Yet it isn’t simply Gray’s death that teaches us something about structural racism. The uprising that occurred in reaction to Gray’s funeral, the reaction to opinion leaders and the Internet opinion-sphere all teach us something about how our language regarding racism falls prey to a gap of misunderstanding and misperception. This is a multilayered problem reflective of the complicated tableau of race in America.

    On one level, Gray’s death is one more tragedy that we can add to the long list of tragedies that seem to target African American men. Gray is forever missing, along with Eric Garner, Tamir Rice, Michael Brown and many more. And, as Professor Elwood Watson points out, black women like Dr. Ersula Ore or Kathryn Johnston similarly suffer violence, abuse and death due to this same system of oppression.

    Though the factual circumstances vary, it appears that all these people I’ve named are the casualties of either the war on drugs, the effects of declaring poor minority neighborhoods “high crime neighborhoods,” police bias against people of color or all of the above.  This results in their individual and communal struggles against siege policing and its short and long-term effects. Because of these factors, these men and women lose their lives or their livelihoods in a manner not subject to due process. 

  • May 1, 2015
    Guest Post

    by Rena Steinzor and Thomas McGarity, past presidents and founders of the Center for Progressive Reform. Steinzor is a professor at the University of Maryland Carey Law School, and McGarity is a professor at the University of Texas Law School. Steinzor is author of Why Not Jail? Industrial Catastrophes, Corporate Malfeasance, and Government Inaction. McGarity is author of Freedom to Harm: The Lasting Legacy of the Laissez Faire Revival.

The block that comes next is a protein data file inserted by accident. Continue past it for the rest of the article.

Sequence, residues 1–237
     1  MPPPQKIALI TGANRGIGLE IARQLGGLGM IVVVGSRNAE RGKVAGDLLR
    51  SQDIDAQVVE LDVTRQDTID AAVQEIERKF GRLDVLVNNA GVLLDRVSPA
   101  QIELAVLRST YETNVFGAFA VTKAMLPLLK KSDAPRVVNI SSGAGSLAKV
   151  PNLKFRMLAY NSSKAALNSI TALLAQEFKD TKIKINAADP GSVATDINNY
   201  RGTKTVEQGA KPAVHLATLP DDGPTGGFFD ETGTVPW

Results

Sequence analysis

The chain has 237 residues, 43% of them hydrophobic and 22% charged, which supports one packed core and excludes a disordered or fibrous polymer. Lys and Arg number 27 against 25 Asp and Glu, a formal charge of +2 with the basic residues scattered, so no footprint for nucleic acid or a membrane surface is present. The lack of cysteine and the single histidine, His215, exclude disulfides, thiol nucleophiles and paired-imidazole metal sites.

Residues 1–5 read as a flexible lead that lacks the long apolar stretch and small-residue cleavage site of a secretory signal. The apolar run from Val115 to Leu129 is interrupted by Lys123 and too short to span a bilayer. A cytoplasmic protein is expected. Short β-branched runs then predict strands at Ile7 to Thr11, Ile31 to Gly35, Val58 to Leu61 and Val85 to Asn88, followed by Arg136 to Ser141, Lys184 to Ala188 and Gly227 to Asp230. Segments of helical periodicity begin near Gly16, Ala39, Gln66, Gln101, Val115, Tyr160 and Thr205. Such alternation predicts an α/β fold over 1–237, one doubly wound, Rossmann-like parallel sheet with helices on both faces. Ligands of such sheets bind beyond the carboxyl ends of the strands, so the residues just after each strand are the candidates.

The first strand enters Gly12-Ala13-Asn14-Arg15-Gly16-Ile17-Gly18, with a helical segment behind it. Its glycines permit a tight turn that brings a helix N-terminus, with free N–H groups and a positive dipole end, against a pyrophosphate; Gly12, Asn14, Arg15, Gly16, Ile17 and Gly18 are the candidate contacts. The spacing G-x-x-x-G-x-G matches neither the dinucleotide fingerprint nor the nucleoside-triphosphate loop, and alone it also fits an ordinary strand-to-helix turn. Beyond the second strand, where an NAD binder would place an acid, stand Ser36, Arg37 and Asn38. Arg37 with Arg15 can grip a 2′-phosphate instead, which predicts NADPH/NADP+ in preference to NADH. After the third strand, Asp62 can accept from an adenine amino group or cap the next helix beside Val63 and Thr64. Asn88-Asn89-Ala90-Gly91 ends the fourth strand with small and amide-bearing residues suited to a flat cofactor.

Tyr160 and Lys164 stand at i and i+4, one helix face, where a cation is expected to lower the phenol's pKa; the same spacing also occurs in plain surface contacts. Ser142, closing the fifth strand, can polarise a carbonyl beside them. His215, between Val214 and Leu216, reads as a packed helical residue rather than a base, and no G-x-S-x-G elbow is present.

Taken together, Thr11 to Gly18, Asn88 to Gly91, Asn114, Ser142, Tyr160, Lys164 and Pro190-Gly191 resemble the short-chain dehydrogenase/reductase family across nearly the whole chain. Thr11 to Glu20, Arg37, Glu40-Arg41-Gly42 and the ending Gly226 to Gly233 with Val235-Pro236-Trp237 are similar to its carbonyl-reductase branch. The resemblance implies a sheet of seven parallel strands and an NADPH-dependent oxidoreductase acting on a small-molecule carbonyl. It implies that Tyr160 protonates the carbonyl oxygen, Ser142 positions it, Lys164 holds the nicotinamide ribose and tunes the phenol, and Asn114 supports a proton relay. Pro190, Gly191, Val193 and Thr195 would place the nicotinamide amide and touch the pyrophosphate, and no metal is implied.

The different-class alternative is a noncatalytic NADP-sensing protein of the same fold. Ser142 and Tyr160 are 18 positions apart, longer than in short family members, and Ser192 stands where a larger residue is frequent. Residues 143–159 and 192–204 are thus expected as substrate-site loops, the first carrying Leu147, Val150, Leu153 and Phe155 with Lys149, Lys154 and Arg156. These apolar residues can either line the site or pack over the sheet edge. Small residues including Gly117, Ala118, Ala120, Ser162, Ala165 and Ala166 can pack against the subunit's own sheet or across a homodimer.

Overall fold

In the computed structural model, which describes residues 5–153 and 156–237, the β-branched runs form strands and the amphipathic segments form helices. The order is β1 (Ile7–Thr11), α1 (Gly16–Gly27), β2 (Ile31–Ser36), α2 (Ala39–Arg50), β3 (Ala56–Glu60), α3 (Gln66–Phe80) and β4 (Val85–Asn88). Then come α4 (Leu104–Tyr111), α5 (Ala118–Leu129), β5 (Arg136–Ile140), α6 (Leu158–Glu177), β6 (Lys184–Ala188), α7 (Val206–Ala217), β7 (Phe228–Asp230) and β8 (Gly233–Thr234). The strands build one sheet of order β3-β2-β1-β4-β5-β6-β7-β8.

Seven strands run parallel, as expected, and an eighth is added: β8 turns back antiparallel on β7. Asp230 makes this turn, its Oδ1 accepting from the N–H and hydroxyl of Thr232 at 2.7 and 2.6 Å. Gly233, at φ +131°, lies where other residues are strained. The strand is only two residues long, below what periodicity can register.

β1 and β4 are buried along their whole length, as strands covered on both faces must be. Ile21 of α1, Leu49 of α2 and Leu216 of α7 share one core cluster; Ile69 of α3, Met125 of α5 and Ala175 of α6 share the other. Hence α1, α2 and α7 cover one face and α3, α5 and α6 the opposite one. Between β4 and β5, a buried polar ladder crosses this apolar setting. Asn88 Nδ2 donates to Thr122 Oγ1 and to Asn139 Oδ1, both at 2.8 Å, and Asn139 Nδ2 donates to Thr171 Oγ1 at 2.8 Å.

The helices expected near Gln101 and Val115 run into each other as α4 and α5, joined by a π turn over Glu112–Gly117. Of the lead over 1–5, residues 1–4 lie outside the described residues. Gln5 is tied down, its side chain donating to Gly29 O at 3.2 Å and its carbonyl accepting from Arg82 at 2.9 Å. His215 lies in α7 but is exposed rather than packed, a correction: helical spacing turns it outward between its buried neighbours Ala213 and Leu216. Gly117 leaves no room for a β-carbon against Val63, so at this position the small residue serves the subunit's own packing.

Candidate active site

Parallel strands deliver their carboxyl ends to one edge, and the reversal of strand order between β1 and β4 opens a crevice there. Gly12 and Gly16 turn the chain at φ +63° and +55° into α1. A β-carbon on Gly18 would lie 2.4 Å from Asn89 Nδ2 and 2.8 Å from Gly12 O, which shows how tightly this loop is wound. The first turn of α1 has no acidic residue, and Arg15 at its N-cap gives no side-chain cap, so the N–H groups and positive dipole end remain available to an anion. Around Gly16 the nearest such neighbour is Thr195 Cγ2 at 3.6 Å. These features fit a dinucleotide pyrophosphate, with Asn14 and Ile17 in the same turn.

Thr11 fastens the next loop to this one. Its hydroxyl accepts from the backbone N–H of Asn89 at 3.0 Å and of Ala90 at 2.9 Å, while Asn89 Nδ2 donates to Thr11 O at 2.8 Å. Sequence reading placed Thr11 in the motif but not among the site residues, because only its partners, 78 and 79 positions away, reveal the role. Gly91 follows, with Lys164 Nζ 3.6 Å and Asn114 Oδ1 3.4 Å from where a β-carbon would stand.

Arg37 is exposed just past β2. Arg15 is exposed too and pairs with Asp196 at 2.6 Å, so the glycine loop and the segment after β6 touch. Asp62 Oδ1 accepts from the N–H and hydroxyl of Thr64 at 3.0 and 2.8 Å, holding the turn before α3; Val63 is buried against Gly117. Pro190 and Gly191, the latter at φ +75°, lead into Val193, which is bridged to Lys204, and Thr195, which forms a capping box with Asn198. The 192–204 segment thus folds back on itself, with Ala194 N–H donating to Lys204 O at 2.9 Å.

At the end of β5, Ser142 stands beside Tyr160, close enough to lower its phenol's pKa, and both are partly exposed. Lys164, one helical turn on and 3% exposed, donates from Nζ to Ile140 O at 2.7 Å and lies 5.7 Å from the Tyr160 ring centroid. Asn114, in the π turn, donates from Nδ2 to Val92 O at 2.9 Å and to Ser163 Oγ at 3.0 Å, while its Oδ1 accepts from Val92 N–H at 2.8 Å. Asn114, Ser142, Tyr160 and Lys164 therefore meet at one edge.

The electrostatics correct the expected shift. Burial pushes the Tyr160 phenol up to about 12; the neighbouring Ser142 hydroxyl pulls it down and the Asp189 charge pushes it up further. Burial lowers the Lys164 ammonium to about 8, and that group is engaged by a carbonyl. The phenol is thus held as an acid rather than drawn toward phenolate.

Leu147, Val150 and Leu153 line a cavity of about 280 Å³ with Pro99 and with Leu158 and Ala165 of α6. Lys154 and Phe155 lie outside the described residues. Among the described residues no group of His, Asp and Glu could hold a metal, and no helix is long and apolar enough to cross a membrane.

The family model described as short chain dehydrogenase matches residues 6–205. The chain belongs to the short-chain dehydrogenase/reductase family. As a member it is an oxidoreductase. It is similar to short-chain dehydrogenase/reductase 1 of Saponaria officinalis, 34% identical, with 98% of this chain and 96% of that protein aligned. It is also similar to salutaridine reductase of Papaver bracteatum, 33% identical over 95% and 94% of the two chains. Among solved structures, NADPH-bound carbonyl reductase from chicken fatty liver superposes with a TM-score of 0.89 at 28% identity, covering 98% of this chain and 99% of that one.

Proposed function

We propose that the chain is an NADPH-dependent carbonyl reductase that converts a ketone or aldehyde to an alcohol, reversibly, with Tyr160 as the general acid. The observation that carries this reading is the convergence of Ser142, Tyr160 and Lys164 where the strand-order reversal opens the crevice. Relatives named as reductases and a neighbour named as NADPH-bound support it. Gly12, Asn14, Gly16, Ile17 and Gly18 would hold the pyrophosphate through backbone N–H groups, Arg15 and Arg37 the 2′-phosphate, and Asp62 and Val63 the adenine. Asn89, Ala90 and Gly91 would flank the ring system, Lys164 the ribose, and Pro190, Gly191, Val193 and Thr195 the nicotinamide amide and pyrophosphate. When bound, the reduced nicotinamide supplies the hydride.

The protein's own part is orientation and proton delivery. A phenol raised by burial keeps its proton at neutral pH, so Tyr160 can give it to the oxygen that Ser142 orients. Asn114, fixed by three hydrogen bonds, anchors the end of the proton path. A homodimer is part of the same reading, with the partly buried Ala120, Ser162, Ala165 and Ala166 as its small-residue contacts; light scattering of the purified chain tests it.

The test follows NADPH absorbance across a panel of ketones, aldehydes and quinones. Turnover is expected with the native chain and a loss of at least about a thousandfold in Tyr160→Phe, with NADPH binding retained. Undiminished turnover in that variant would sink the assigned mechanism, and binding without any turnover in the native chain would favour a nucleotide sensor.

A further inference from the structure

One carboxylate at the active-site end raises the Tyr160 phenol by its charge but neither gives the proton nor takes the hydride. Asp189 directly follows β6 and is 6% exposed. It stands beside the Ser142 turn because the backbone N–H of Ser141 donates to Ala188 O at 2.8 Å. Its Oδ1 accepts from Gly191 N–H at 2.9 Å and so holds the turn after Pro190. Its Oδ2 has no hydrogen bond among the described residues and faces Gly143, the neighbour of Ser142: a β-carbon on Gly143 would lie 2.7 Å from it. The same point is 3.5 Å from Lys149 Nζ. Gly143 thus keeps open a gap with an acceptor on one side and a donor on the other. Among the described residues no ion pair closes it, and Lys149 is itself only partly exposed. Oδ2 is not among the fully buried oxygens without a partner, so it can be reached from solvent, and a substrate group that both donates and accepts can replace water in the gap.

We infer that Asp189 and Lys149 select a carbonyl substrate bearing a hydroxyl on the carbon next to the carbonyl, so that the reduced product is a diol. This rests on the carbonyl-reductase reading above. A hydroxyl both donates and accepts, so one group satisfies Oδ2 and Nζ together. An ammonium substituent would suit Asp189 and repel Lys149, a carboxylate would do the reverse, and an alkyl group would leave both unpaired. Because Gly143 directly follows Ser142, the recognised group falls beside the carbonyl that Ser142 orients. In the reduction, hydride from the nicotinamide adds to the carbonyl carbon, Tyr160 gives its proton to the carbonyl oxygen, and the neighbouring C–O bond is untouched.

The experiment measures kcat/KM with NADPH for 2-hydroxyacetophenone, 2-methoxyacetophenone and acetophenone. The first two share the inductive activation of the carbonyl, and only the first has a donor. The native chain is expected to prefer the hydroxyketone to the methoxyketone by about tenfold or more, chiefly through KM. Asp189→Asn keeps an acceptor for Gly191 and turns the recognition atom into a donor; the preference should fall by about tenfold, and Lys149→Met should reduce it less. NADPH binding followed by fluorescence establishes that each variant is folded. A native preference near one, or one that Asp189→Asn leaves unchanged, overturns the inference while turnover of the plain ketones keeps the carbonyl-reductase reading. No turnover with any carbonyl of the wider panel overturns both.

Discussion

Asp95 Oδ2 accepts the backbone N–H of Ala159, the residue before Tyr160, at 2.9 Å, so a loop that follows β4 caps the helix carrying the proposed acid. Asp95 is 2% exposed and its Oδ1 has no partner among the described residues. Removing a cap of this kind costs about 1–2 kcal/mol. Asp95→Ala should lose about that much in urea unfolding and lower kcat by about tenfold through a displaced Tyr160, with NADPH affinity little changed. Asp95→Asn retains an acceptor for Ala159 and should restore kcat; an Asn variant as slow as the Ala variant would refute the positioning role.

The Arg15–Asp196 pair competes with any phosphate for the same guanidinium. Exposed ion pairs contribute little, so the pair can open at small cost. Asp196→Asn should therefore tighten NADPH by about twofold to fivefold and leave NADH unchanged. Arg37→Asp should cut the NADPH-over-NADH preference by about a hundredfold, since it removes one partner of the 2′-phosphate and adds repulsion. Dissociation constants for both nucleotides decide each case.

With the announcement that GM Chief Executive Officer Mary Barra received the outsized compensation of $16.2 million in 2014, what should have been a year of humiliation and soul-searching for that feckless automaker instead ended on a disturbingly self-satisfied note.  Purely from a public relations perspective, Barra worked hard for her money.  Appearing repentant, sincere, and downcast, she persuaded star-struck members of Congress that the company was committed to overhauling a culture characterized by what she called the “GM shrug,” loosely translated as avoiding individual accountability at all costs.  Even as she blinked in the television lights, GM fought bitter battles behind the scenes to block consumer damage cases and exploit corporate tax loopholes.

    Largely on the basis of her political adeptness, Barra has been taking victory laps in the business press, hailed as the rare (female) CEO who has led her corporation out of a morass that could happen to anyone.  This performance and the accolades it inspired provide a troubling coda to what was a destructive year for American drivers.  Dubbed “the year of the recall,” automakers recalled an unprecedented 64 million vehicles ‒ about one in five cars on the road; GM led with 26 million of this total.